"To understand the situation well there is one thing you have to bear in mind. In Novagalicia Banco there are 700 employees with preferred shares or subordinated debt who have 70 million euros of their savings trapped," says Julián Valiente, an official responsible for the banking sector in the Galicia branch of the CCOO labor union.
"We are not swindlers. We are the tools used by certain gentlemen to make themselves rich and who walked away with multi-million-euro golden parachutes," one employee says. A number of investigations have been opened into bank directors, including those from Novagalicia, who awarded themselves huge payoffs and pension plans at badly managed banks that subsequently had to be bailed out using taxpayers' money.
"The swindler is the one who gives the order to sell the product while he cooks the bank's books," another employee says. "The biggest proof that we weren't trying to pull the wool over anyone's eyes is that many of us face the double whammy of being preferred shareholders and victims of the desperation of those who have had their savings trapped," he adds.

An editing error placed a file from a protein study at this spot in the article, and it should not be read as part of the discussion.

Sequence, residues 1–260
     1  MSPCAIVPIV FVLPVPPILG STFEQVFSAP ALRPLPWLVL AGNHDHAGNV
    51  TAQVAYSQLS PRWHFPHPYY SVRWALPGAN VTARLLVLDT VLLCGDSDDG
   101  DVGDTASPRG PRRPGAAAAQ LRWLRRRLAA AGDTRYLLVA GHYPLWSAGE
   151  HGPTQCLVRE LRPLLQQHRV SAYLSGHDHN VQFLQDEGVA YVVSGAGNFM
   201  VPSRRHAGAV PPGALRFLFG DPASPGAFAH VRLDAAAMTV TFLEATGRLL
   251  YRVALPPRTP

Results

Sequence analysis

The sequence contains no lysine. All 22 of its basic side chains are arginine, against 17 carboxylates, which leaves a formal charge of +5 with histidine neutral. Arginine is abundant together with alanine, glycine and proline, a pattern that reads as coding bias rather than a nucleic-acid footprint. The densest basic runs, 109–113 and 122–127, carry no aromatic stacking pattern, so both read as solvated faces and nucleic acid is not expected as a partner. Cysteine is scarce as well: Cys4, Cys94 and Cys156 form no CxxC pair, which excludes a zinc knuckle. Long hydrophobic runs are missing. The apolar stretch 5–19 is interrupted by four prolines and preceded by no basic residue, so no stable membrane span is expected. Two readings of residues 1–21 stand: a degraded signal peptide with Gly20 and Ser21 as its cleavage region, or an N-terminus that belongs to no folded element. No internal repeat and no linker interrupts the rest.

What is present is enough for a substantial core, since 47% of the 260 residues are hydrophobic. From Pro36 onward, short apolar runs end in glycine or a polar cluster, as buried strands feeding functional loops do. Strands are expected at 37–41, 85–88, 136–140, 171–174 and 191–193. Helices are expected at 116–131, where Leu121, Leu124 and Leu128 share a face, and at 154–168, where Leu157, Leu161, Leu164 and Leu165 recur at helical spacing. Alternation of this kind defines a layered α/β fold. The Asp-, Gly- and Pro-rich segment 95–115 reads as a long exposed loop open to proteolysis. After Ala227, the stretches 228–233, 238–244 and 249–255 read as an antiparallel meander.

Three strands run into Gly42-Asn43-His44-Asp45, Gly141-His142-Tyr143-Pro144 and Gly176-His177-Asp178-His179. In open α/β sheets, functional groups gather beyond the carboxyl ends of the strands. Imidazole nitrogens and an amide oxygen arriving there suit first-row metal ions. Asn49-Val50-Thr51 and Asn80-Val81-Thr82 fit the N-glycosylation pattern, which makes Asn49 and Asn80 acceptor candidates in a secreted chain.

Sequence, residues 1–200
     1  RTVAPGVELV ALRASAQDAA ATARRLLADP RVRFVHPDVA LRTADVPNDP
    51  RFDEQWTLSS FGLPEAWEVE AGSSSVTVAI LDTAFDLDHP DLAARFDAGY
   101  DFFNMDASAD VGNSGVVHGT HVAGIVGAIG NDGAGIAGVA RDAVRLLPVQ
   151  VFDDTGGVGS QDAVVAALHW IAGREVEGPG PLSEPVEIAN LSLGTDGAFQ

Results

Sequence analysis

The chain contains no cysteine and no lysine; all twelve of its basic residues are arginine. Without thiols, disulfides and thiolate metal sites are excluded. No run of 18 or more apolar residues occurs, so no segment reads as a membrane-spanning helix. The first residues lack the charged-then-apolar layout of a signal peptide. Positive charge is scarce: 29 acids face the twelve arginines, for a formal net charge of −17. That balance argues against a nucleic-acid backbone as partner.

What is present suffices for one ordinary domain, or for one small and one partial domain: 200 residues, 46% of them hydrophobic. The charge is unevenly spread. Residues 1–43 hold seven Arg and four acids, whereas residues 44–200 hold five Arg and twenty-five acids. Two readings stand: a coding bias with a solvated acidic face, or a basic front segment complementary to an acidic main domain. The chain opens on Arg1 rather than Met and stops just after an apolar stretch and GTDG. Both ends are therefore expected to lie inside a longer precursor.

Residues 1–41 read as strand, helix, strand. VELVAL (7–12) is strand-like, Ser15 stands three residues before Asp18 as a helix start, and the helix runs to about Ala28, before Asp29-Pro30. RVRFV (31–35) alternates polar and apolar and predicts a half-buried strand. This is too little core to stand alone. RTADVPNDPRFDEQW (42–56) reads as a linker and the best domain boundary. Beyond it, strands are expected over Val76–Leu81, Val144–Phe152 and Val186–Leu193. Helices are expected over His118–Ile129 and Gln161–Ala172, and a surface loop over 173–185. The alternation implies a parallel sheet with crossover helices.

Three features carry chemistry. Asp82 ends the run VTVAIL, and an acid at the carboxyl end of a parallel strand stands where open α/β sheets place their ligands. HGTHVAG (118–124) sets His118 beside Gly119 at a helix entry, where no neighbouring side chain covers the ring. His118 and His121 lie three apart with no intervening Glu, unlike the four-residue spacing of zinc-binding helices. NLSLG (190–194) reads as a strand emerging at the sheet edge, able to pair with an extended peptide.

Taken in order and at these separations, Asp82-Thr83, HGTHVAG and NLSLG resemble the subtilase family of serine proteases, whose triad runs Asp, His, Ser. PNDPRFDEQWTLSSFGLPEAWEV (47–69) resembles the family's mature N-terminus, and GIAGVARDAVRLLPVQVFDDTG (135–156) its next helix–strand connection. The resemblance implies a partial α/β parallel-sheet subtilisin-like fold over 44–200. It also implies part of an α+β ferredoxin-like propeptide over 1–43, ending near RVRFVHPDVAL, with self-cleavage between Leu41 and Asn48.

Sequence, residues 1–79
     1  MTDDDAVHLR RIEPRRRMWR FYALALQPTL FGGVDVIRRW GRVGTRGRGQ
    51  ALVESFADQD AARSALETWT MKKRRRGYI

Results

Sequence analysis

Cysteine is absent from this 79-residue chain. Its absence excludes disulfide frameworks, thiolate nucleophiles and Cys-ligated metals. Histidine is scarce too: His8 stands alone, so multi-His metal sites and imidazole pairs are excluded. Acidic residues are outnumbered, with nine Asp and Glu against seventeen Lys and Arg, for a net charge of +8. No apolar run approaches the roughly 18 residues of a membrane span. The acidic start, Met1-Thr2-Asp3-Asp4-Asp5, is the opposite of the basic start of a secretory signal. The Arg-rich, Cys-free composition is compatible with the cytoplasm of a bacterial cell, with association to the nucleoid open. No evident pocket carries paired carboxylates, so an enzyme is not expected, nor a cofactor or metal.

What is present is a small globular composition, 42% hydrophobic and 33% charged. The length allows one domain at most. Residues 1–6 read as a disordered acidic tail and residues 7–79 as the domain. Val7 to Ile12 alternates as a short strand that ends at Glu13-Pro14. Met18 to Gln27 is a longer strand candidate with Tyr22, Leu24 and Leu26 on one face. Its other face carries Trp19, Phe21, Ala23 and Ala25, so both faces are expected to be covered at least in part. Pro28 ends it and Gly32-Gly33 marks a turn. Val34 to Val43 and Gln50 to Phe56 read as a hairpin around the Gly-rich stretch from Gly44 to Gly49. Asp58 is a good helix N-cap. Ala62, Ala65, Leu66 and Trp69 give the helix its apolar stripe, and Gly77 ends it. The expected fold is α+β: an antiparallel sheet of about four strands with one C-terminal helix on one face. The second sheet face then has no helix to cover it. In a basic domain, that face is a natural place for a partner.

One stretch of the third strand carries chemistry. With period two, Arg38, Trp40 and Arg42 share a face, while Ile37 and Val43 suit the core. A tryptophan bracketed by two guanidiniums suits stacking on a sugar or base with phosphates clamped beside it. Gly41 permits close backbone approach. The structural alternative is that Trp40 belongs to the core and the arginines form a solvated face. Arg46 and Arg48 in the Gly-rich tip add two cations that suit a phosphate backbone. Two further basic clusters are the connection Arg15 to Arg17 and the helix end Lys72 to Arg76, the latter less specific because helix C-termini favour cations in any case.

The manager of a small branch in one of the districts most affected by the preferred share scandal, who asks to be referred to only as Jorge, can no longer take his coffee break where he used to. "I live half in hiding. I avoid crowded areas and rush hours. Basically, I keep clear of any situation where I might meet my customers. I can't have my coffee where I have always had it out of fear of what might happen and does happen. I have gone from being a well-regarded person in the village to feeling myself to be a damned criminal."
One manager was told by the Civil Guard to stop going for runs in the hills